6. catweasel67

    catweasel67 Honda XRV 750 RD04

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    but you know it's still illegal to not wear a helmet right? and no amount of insurance is going to stop a policeman from giving you a ticket if he/she wants to?
  7. bridwell52

    bridwell52 Banned

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    Does this debate ever change.
    Move along kiddies,nothing to see here.
  8. duck

    duck Banned

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    And what price tag do you put on a lifetime of care for a helmeted rider?

    Ever seen a FF helmeted rider T-bone a left-turning minivan at about 30 MPH and die instantly? I did a couple of years ago. Had that person been in the same accident in a car he would've walked away with maybe a bloody nose from an airbag and a sore shoulder from a seat belt.

    Helmets merely mitigate the risk of injury. They do not eliminate it.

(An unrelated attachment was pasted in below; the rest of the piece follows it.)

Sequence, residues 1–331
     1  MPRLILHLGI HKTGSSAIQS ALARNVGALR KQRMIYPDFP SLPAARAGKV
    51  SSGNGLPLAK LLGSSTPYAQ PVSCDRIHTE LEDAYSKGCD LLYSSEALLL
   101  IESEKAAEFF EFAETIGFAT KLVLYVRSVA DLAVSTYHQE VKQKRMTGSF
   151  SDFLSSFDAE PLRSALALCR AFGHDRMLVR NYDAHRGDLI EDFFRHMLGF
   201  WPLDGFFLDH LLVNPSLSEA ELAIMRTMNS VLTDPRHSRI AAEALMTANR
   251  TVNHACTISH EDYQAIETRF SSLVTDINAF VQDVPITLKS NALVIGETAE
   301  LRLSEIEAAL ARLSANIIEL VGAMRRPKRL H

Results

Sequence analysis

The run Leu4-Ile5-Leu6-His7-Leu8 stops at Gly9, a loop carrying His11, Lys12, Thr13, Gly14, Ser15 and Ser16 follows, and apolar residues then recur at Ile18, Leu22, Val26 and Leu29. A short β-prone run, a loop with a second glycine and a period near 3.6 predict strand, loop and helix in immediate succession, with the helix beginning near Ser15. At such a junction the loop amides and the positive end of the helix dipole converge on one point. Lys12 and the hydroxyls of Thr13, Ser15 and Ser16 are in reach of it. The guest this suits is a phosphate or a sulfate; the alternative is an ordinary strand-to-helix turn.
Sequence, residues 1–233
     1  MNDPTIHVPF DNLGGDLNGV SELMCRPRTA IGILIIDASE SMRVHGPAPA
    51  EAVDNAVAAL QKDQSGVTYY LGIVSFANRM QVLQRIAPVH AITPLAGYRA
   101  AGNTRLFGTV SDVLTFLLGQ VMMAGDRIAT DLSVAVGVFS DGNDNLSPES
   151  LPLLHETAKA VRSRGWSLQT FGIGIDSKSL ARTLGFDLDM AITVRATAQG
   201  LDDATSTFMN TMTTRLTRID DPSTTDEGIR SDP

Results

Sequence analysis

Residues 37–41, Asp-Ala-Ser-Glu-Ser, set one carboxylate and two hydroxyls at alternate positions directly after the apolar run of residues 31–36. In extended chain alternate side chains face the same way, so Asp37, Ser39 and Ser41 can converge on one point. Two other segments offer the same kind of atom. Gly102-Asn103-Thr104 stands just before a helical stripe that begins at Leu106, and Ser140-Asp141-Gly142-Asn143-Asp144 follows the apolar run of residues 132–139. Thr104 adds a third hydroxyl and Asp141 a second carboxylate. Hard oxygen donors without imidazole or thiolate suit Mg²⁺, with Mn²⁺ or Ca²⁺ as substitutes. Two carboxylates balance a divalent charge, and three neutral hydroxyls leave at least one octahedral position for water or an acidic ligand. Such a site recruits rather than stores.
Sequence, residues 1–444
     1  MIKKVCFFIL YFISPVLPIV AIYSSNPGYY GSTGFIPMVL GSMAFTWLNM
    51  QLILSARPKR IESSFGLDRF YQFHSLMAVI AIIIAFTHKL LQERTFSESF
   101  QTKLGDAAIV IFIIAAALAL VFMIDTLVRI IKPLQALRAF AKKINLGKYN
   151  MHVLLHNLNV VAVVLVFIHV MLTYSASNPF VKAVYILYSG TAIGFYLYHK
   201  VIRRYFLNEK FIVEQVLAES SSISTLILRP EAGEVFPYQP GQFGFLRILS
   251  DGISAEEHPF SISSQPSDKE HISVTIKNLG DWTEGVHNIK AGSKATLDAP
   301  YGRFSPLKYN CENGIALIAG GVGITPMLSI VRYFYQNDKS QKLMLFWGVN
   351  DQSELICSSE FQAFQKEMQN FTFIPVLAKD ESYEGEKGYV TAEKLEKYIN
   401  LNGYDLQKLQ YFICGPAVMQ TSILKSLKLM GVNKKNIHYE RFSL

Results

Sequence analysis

9. atomicalex

    atomicalex silly aluminum boxes

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    It's a good question, but the wrong one. The cost of riding helmeted is the same as for every other road user subject to the assorted laws of the state. Usually carrying 100/300 is sufficient. I'm asking what the additional cost of riding helmetless should be, or could be. If the difference between what people are willing to pay to do it and the actuarial cost is significanty negative (actuarial cost is higher than price willing to pay), then the helmet law makes sense. If the costs are relatively the same, then clearly the cost (in terms of additional insurance premiums) is not significant and things can proceed sans helmets. Currently, helmetless riders have the voluntary responsibility to carry and extra 20K or so of insurance. This is not much. I'm saying raise the cost and make it mandatory.